Empowering girls to fight HIV and AIDS
28 November 2008
On World AIDS Day, 1 December, the World Association of Girl Guides and Girl Scouts (WAGGGS) spread the word: girls worldwide say “stop the spread of AIDS , malaria and other diseases”. This message is the new theme for World Thinking Day, linked to United Nations Millennium Development Goal 6.
WAGGGS is encouraging its members to start planning themed events in their communities in time for 22 February 2009. While being fun, inclusive and informative, these events will also raise money to contribute to the World Thinking Day fund and vital WAGGGS projects, including those aimed at addressing issues surrounding the spread of diseases.
WAGGGS has developed a number of resources to help girls and young women explore the issue of contagious diseases. Information is on the World Thinking Day website. In keeping with the fundraising aspect of the campaign, a special survey about the importance of money, developed with Plan UK is also on the site.
Call to action
Girl Guides and Girl Scouts are also encouraged to join the call to action for World AIDS Day: “Tell 10 girls 10 facts about AIDS” The fact card is available with an array of useful information and a quiz.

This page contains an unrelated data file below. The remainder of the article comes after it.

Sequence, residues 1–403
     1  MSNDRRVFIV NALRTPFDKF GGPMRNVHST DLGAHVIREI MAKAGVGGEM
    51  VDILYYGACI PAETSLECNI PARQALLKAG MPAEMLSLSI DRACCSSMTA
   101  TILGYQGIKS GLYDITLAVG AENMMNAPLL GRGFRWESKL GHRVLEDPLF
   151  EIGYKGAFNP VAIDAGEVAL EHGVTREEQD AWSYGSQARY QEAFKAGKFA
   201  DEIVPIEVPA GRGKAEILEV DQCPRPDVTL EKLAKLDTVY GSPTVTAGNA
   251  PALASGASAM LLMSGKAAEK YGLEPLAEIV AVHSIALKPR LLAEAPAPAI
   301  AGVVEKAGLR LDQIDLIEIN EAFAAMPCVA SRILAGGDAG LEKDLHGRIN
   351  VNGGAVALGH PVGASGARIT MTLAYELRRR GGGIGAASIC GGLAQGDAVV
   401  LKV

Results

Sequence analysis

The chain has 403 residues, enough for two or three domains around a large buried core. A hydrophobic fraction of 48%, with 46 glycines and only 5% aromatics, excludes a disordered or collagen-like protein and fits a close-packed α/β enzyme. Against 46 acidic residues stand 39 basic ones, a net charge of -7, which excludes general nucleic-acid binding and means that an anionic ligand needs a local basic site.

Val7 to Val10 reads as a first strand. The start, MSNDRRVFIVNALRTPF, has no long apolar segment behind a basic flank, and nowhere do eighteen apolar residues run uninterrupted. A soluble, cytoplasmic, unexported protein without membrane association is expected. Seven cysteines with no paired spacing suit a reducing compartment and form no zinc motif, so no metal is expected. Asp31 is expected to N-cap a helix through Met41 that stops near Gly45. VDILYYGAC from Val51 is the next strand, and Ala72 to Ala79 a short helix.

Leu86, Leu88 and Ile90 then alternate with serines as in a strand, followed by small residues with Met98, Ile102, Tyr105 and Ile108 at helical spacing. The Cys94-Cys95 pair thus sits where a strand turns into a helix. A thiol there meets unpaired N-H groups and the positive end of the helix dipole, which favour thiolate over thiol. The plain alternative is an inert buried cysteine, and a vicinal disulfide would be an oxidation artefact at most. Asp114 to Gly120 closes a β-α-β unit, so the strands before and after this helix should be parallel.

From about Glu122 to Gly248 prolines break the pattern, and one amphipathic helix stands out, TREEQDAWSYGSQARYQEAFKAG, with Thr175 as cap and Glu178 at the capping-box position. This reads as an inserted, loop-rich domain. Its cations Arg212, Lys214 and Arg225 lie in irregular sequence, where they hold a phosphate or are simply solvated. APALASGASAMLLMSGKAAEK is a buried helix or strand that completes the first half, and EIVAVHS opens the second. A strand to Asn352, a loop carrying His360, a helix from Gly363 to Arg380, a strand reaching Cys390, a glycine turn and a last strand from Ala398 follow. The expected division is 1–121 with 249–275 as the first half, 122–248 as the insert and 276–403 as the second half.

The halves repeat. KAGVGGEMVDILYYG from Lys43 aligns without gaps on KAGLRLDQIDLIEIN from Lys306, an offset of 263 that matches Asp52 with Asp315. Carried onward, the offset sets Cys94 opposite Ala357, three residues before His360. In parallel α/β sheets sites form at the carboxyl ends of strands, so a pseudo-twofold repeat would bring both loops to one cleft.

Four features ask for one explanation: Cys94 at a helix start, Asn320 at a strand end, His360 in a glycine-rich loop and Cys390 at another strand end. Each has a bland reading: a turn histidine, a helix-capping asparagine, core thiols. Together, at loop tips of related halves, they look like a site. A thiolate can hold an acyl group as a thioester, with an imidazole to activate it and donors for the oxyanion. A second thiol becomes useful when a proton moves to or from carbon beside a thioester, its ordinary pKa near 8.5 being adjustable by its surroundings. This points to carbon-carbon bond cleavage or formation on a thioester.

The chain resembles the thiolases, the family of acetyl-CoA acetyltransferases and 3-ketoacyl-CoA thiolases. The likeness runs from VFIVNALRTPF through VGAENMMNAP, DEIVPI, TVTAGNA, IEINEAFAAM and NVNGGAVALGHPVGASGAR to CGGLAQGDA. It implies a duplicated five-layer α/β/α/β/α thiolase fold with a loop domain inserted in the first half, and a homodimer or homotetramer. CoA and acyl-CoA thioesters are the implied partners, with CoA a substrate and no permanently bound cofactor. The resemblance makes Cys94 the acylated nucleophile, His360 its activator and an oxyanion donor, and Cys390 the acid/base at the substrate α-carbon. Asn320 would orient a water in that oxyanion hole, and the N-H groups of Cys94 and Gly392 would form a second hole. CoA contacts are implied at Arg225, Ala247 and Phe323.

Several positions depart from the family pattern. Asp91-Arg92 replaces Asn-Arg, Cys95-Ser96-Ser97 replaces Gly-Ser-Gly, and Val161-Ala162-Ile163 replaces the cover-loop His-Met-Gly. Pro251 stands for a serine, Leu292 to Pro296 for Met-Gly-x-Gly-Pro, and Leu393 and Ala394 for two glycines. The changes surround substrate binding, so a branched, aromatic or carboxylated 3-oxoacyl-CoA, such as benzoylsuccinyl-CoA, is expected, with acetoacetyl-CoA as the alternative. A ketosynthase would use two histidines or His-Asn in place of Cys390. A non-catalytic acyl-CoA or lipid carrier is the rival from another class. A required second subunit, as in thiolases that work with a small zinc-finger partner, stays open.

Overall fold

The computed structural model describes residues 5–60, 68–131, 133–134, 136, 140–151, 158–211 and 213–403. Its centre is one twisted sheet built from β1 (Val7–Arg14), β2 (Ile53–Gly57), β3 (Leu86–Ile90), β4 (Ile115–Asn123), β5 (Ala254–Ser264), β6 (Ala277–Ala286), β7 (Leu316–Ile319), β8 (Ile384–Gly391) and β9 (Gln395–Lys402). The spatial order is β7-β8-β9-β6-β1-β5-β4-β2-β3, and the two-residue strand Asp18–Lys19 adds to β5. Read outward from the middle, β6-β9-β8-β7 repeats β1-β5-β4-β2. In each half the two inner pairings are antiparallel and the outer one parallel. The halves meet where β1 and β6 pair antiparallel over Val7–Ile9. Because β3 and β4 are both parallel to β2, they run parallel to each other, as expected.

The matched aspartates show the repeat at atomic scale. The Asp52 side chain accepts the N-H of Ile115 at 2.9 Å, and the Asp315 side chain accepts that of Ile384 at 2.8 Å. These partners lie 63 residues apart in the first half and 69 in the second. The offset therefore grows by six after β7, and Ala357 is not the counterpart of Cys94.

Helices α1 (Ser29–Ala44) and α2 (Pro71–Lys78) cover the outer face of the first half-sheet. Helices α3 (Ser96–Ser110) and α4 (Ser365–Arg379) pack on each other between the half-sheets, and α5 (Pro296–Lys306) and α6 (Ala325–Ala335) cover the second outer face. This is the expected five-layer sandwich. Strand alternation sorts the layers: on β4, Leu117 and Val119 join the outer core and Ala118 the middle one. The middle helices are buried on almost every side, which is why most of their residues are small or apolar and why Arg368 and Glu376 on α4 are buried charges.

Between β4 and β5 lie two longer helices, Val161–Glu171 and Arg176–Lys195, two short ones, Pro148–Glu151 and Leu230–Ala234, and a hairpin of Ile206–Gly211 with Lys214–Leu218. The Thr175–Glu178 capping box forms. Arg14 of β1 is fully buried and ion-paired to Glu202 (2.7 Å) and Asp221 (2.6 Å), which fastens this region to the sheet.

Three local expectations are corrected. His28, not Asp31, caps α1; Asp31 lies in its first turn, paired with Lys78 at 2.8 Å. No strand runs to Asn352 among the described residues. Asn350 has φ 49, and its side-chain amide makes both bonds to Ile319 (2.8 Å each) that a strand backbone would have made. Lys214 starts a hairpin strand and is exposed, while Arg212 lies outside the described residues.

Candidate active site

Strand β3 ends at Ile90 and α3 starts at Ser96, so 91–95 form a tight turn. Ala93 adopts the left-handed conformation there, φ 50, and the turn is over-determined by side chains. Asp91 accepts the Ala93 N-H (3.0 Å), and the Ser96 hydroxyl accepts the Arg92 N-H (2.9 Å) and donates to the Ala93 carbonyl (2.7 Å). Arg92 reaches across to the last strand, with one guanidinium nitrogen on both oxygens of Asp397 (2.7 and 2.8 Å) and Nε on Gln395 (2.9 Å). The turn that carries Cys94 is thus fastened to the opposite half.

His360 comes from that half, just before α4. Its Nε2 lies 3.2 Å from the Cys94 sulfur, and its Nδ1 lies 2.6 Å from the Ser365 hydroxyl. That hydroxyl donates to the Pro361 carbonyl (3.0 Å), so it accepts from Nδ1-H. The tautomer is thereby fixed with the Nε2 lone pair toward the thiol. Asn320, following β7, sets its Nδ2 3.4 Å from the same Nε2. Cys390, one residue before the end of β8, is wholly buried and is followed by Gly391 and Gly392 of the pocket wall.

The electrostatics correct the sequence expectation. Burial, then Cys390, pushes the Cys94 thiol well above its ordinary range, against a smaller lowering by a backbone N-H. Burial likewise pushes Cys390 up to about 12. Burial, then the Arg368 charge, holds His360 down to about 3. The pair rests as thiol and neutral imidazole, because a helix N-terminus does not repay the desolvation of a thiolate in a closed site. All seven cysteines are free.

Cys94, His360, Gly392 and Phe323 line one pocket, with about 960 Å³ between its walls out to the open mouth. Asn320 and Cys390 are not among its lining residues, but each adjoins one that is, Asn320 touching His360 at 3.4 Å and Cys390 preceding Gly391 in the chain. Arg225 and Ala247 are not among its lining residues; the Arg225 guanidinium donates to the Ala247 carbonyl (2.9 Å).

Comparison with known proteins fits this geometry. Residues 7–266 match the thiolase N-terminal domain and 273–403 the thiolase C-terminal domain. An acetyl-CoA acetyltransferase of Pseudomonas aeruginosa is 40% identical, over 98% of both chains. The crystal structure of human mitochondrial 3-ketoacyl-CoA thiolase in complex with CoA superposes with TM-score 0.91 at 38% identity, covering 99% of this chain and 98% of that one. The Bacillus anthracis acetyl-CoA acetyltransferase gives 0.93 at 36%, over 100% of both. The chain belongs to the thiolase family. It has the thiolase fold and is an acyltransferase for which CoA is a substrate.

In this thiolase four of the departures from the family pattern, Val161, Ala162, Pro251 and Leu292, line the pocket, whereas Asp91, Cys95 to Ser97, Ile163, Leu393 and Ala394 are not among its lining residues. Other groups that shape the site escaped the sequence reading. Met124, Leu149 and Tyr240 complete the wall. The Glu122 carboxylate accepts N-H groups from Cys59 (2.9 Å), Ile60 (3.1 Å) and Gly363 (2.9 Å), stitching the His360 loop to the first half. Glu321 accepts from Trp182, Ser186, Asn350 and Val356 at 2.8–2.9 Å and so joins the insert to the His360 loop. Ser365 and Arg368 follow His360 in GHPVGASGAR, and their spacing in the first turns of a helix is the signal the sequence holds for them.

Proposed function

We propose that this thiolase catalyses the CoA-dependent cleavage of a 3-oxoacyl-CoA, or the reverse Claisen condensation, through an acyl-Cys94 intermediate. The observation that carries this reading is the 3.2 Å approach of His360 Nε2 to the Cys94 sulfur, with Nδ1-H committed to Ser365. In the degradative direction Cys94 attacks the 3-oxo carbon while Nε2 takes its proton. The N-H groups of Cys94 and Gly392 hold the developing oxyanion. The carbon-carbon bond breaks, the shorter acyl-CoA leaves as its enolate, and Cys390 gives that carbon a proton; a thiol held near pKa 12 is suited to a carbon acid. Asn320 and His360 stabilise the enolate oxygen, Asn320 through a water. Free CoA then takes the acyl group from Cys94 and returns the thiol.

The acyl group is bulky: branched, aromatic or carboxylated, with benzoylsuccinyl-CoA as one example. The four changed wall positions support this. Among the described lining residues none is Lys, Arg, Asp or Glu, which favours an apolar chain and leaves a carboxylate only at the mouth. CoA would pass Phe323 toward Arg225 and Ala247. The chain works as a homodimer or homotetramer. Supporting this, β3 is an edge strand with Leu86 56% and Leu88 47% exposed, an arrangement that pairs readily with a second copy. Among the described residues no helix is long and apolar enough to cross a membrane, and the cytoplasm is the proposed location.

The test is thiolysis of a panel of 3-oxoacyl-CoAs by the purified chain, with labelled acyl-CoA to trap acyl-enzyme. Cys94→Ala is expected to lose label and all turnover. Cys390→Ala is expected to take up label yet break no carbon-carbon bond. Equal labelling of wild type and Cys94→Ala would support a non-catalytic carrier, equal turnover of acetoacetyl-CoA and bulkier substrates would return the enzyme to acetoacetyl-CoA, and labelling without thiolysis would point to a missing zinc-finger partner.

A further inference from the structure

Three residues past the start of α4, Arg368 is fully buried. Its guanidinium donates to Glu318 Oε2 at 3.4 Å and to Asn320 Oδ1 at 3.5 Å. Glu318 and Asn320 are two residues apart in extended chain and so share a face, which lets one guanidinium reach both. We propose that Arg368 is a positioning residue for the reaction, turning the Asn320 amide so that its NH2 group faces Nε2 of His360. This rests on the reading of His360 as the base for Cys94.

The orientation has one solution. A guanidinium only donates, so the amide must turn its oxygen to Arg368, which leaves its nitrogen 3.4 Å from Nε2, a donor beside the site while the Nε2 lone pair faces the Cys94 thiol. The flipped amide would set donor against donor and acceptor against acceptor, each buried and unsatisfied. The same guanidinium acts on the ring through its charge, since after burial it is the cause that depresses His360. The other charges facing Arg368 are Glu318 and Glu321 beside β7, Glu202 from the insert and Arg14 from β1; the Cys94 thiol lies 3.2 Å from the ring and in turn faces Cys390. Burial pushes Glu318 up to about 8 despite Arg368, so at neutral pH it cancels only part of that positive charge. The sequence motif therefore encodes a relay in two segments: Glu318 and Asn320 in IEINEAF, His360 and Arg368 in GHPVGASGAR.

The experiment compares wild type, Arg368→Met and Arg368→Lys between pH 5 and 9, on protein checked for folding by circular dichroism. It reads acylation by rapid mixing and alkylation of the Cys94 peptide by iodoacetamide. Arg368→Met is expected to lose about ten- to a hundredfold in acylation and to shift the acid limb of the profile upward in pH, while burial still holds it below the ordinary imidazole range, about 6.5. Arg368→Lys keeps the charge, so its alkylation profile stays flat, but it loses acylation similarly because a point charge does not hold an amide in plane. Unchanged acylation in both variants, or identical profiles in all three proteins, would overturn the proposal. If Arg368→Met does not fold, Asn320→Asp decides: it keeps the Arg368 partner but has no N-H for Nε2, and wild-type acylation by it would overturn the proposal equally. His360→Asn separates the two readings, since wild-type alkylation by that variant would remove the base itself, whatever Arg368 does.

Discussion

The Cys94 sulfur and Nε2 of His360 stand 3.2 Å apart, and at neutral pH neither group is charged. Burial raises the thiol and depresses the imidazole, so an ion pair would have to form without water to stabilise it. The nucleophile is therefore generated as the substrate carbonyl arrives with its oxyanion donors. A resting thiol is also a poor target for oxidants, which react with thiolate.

HIV and AIDS training toolkit
To help empower young women to protect themselves against HIV infection, to advocate in their communities and to fight stigma and fear, WAGGGS has introduced its innovative new HIV and AIDS training toolkit.
The toolkit, developed by girls and young women, combines case study material alongside activities that have proved successful in several countries around the world: Brazil, Peru, Malawi, Kenya and India. WAGGGS received funding from UNAIDS to develop this project. The resource has been distributed to all 145 WAGGGS Member Organizations and an international training programme is being developed. It is available for purchase on the WAGGGS online shop.
Focus on girls and young women
WAGGGS’ work on HIV and AIDS focuses on women and young girls as they are more physically vulnerable to contracting the virus. Also, in many countries they have limited control over their sexual health and less access to education and HIV information which puts them at greater risk. Armed with accurate and useful information about the disease and its prevention girls and women can protect themselves and help reduce the spread of the virus.
WAGGGS Chief Executive Mary Mc Phail, says: “We believe that education and empowerment of young people in formal and non-formal settings is a key approach to fight HIV and AIDS, with special attention paid to the needs of girls and young women.The toolkit is a great resource to increase our capacity to train girls and young women on HIV prevention and stigma reduction.”
TheAIDS Badge Curriculum provides background information and activities for different age groups in the three areas: prevention, care and support and Human Rights – changing attitudes.